Rescue team, Photo:
Morocco faces a race against time to save those trapped under the rubble by Friday’s earthquake, as emergency services battle to supply remote areas.
Villagers continue to dig by hand and shovel to find survivors, as response teams struggle to bring in machinery.
Those same tools may now be needed to prepare graves for some of the thousands killed in the quake.
People “have nothing left,” a villager told the BBC. “People are starving. Children want water. They need help.”
Friday’s earthquake, the country’s deadliest for more than 60 years, struck below a remote cluster of mountainous villages south of Marrakesh.
The government reported that at least 2,122 people were killed and more than 2,421 injured, many critically.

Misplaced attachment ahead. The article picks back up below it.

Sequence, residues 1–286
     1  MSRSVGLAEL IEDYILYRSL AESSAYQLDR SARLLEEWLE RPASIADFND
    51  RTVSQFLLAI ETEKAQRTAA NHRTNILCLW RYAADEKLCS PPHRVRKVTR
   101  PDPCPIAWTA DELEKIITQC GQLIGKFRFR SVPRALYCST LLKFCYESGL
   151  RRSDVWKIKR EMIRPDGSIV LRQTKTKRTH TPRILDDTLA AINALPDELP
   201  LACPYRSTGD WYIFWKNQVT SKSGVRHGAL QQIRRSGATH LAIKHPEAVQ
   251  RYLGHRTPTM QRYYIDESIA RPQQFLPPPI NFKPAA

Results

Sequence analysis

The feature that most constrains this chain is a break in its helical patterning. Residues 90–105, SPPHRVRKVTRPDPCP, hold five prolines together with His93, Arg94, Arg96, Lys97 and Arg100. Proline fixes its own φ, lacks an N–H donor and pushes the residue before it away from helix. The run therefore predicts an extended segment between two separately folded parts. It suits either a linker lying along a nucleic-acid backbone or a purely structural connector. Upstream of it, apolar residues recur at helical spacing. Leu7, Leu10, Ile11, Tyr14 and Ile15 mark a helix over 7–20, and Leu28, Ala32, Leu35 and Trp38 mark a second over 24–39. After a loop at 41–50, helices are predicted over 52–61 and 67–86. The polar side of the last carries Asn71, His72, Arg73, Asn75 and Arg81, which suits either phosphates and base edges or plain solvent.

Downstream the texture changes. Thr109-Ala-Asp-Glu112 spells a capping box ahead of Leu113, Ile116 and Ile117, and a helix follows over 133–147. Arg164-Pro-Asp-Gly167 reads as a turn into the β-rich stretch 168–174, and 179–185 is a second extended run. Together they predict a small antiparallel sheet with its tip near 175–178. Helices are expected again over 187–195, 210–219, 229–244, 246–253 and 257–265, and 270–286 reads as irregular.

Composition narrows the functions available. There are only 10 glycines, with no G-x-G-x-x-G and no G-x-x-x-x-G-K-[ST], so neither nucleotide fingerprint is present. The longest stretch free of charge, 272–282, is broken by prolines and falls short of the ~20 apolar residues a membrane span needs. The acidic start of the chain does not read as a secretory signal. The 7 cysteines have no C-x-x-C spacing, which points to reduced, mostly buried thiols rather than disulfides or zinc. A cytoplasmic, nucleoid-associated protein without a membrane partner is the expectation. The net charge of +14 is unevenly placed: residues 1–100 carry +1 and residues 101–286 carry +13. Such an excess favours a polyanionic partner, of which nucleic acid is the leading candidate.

The 6.8-magnitude tremor collapsed homes, blocked roads and swayed buildings as far away as the country’s northern coast.
Marrakesh’s old city, a Unesco World Heritage site, suffered damage.
Morocco’s King Mohammed VI declared three days of national mourning on Saturday, as the scale of the devastation became clearer.
The royal palace said civil protection units had been deployed to increase stocks in blood banks, water, food, tents and blankets.
But it conceded that some of the worst-affected areas were so remote that it was impossible to reach them in the hours after the quake – the most crucial period for many of the injured.
Fallen rocks partially blocked the already poorly-maintained roads into the High Atlas Mountains, where many of the worst-affected areas lie.